GameState gameState = GameState::Intro ; // maintain the current gamestate.
    int cutSceneNo = 1 ; // what cutscene we're currently displaying
    // (only used WHEN in GameState::Cutscene)
    int levelNo = 1 ; // what level we're going load and play next
    // (only used WHEN in GameState::Running)
    

    It's really simple. Have a different "state" for every "state" the game can be in! This gives you a really easy way to transition from Intro screen to Cutscene to Running.. see pseudocode below.

    Main loop:

    while( 1 )
    {
        update() ;
        draw() ;
    }
    

    Now, in both the update() and draw() basic functions, the decision what to do can be made based on gameState:

    Update function: look at gameState to figure out what to do. Include code to watch for key events that will transition to the next state.

    void update()
    {
        getInput() ; //read current state of the keys.. used below
    
        switch( gameState )
        {
            case GameState::Intro:
              if (any key) was pushed
              {
                cutSceneNo = 1 ;  // ON FIRST CUTSCENE
                gameState = GameState::Cutscene ; // display a cutscene next time
                // the update() function is called
              }
              break ;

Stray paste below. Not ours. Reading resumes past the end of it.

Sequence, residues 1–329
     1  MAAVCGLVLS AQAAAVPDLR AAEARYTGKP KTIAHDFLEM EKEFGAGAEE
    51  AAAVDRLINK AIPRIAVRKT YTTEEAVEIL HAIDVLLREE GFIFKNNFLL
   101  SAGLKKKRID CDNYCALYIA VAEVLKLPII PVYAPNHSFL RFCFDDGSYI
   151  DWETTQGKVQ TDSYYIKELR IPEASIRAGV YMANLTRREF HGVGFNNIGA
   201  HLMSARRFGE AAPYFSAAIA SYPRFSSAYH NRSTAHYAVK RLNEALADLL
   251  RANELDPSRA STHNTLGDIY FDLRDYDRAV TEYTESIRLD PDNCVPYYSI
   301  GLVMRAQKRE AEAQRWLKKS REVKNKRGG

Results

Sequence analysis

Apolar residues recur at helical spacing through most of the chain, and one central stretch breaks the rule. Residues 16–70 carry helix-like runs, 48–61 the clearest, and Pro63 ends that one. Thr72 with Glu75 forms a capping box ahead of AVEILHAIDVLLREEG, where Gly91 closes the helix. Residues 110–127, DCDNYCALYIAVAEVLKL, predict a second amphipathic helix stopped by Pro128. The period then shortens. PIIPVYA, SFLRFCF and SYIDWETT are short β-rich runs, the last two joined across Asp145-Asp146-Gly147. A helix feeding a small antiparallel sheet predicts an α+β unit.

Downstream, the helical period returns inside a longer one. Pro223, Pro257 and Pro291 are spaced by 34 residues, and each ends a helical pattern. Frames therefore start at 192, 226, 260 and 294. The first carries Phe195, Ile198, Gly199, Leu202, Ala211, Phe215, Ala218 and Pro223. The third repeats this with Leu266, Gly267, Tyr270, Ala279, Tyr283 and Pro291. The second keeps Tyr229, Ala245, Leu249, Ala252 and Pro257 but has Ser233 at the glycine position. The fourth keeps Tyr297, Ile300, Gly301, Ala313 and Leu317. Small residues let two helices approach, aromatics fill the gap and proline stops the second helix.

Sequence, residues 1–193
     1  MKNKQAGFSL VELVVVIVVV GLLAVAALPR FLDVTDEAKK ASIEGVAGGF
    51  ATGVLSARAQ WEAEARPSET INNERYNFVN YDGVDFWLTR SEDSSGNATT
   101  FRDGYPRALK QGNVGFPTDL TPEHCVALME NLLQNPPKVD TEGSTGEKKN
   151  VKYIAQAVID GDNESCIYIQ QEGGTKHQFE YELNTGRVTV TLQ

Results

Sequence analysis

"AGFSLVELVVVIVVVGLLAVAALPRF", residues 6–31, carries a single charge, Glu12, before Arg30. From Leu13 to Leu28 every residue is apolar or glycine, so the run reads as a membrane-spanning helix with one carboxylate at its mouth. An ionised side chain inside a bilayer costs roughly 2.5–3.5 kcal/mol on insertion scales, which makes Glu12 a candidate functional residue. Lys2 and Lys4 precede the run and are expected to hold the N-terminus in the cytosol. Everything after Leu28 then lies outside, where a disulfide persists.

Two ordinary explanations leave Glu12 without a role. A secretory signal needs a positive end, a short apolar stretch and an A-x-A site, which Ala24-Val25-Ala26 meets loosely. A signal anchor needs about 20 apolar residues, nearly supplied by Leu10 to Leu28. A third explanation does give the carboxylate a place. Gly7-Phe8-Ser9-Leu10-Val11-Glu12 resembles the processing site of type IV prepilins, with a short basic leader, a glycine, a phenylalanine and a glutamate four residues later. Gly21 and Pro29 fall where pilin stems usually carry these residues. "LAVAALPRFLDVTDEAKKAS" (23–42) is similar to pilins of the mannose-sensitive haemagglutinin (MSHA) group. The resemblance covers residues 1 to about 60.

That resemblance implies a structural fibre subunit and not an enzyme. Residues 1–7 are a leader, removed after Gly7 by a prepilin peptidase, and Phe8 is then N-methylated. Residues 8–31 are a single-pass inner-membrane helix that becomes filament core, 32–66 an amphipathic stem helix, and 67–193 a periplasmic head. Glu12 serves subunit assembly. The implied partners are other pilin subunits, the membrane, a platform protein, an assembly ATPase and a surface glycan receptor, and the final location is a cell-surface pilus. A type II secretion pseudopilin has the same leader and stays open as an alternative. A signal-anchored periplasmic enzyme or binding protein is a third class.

case GameState::Cutscene:
    
              runCutscene() ; // RUN THE CUTSCENE, whatever that entails
    
              // WATCH FOR EVENTS THAT WILL CAUSE TRANSITION
              // TO NEXT STATE (this code could actually go in runCutscene())
              if( cutsceneDone OR (any key) was pressed )
              {
                LOAD_LEVEL(   levelNo   ) ; // LOAD THE NEXT LEVEL
                // FROM A FILE OR WHATEVER, WHEN THE CUTSCENE IS DONE
                // Once that's done and the level is loaded:
                gameState = GameState::Running ; // jump into game when cutscene done
              }
              break ;
    
            case GameState::Running:
              run() ; // run the game itself
              // if you die in game, then transition to GameState::End
              break ;
        }
    }
    
    void run()
    {
        // here you run the game.
        // if the level is DONE, increment cutSceneNo
        // and transition to cutScene state.
    
        // RUN GAME LOGIC BASED ON LOADED LEVEL
    
        // now if the player FINISHES the level, transition
        // to next cutscene
        if( player finished level )
        {
            cutSceneNo++ ;
            gameState = GameState::CutScene ;
        }
    }
    

    Draw function: also look at gameState to figure out what to do

    void draw()
    {
        switch( gameState )
        {
            case GameState::Intro:
              drawIntro() ;
              break ;
    
            case GameState::Cutscene:
              drawCurrentCutscene() ;
              break ;
    
            case GameState::Running:
              drawGame() ;
              break ;
        }
    }
    

    So the idea is, you maintain enough state variables so the game knows exactly what it's doing at each moment. Depending on gameState, different things happen in the update() and run() loops.

Tags
c++ sdl shoot-em-up